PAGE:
Yesterday’s release of the Treasury’s budget surplus at -$129 billion begs the question: How is the budget doing under President Obama compared to past presidents?
Here’s the comparison.
Total Budget Deficit by U.S. President
The first graphic is the total cumulative federal deficit by president.
Unsurprisingly, the sitting president and congress look quite weak. Over the past 68 months of Obama’s presidency, the cumulative total of the monthly budget position is a deficit of $6.0 trillion.
The $6.0 trillion accumulated under Obama’s tenure is more than twice as much as the total amount accumulated under the three previous presidents that served at least 68 months combined (Bush I is excluded because he was defeated in his reelection bid).
Under Bush II’s Administration, total monthly deficit was $1.4 trillion at 68 months; Reagan was $941 billion at this point; and Clinton had $600 billion overspent).
Is the problem on the expenditure or revenue side?
Here’s that look. (As a note for economists: the rankings don’t change when adjusting for inflation.)
The first figure is spending by U.S. president.
Unsurprisingly in light of the deficit numbers, the Obama Administration has been the worst at controlling expenditures. Through the first 68 months of his presidency, the current Administration has spent about $20 trillion.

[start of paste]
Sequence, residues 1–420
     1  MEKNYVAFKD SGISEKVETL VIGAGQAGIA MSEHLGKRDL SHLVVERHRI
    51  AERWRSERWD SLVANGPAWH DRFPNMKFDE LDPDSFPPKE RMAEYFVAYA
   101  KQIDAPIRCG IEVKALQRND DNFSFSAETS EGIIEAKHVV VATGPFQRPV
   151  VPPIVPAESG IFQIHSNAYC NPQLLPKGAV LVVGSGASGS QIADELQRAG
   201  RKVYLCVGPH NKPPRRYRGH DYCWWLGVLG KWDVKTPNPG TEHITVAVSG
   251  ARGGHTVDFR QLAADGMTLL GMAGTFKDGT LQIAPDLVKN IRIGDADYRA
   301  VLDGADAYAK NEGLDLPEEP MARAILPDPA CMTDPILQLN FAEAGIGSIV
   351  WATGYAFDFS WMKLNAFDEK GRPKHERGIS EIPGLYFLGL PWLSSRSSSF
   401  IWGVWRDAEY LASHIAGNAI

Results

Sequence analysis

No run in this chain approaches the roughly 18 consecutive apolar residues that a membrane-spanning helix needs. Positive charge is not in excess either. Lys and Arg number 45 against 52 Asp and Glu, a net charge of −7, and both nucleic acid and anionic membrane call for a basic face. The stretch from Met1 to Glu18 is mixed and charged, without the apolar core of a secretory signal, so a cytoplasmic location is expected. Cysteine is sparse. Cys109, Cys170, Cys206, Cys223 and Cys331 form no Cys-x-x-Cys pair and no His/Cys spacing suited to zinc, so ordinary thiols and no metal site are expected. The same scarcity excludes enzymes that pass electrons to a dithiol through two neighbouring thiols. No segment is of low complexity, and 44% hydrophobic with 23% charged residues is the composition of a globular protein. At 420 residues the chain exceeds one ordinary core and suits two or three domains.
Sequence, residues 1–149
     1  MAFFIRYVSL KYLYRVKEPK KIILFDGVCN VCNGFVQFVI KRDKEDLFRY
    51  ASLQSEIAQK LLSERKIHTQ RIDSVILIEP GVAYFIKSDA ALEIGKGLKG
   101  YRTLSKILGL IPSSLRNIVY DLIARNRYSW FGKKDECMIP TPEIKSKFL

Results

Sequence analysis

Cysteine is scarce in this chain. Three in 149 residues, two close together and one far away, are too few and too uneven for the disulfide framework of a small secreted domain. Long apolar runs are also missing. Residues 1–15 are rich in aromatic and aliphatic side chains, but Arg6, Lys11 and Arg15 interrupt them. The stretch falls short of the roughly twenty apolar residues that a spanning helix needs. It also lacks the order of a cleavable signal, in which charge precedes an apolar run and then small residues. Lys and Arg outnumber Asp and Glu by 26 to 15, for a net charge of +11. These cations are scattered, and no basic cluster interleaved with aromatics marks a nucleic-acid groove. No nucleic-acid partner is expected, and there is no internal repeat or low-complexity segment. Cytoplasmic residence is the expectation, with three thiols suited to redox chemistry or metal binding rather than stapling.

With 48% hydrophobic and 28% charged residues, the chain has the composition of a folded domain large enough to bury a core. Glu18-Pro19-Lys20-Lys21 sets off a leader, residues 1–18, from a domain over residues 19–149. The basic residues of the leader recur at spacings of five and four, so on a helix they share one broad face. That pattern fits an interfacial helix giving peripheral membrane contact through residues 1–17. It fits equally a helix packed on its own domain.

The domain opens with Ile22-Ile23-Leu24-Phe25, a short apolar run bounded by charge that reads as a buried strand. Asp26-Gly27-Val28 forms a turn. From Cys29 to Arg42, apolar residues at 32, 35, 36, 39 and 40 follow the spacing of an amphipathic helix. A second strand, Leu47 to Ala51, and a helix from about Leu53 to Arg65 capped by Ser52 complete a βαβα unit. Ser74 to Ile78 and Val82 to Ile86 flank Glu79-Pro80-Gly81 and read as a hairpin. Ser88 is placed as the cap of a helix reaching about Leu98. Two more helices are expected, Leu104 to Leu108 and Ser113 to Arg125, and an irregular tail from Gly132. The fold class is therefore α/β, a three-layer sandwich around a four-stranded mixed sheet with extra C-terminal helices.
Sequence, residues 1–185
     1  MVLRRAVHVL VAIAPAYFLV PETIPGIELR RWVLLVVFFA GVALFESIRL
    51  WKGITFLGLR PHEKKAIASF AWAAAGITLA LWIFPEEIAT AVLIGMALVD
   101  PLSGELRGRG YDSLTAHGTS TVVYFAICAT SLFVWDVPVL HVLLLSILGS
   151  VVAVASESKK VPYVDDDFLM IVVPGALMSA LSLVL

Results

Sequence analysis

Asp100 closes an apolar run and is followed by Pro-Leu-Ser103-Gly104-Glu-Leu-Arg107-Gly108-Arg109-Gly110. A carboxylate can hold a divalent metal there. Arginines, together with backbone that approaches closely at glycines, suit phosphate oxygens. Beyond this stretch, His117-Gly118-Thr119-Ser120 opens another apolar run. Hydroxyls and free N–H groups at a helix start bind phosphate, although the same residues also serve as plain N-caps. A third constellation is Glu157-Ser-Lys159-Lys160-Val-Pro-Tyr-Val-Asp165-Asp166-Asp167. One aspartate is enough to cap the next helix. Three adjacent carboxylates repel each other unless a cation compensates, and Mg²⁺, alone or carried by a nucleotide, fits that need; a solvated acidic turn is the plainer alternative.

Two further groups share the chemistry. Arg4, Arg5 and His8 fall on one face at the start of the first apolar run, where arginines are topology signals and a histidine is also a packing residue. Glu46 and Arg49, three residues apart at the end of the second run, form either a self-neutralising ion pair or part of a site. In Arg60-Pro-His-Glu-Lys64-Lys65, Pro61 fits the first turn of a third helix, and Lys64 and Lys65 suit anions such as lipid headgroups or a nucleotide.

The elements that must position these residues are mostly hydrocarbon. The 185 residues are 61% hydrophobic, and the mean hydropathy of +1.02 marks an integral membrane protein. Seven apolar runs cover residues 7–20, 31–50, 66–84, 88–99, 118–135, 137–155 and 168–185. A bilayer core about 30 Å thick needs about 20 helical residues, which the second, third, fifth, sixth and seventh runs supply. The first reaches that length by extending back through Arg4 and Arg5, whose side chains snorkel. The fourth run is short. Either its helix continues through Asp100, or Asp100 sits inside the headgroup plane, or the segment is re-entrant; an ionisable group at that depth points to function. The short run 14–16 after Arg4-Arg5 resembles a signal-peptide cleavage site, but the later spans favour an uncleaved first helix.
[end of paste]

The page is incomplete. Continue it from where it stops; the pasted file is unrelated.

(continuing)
Prior to Obama, through the first 68 months of their presidencies, Bush II had spent $12.8 trillion and Clinton had expended $8.7 trillion.
Here’s the revenue side (i.e. taxes paid).
Taxes paid are the highest under Obama at $13.9 trillion. Under Bush II through the first 68 months, that number was $11.3 trillion and $8.1 trillion under Clinton.
So, is there a revenue or expenditure problem?
In terms of action, the question, of course, is political, and therefore lacks a non-partisan answer.
On the economics end, there is an answer.
The following graphic has on the vertical axis year-over-year growth in employment.
On the horizontal axis is either outlays as a percentage of GDP (left figure) or revenue as a percentage of GDP (right figure).
Both are negatively related – downward sloping line – meaning that an increase in either outlays as a percentage of GDP or revenue as a percentage of GDP are correlated with slower job growth.
The trade-off is unsurprising.
The more the government spends, the more crowding out and unproductive activity there is, thus slower job growth.
On the right had side chart, the more the government taxes, the less individuals want to work, thus slower job growth.
But, which is worse? Expenditures or revenues?
The answer is the magnitude of the slope of the line.
In the left side chart, government expenditures reduce year-over-year employment growth by -0.25. The -0.25 means that for every 1% increase in government spending as a percentage of GDP, job growth falls from say 2% to 1.75% (i.e. -0.25*1%).
The right side chart has an effect of -0.16, meaning that when taxes rise as a percentage of GDP by 1%, job growth drops by -0.16, or from say 2% to 1.84%.
Economists have, of course, spent many hours delving into more intricate details of the relationship. The basic findings are generally akin to what is represented above, which mean that the U.S. has an expenditure problem more so than a revenue problem. Reducing expenditures further would improve the long-term U.S. job outlook.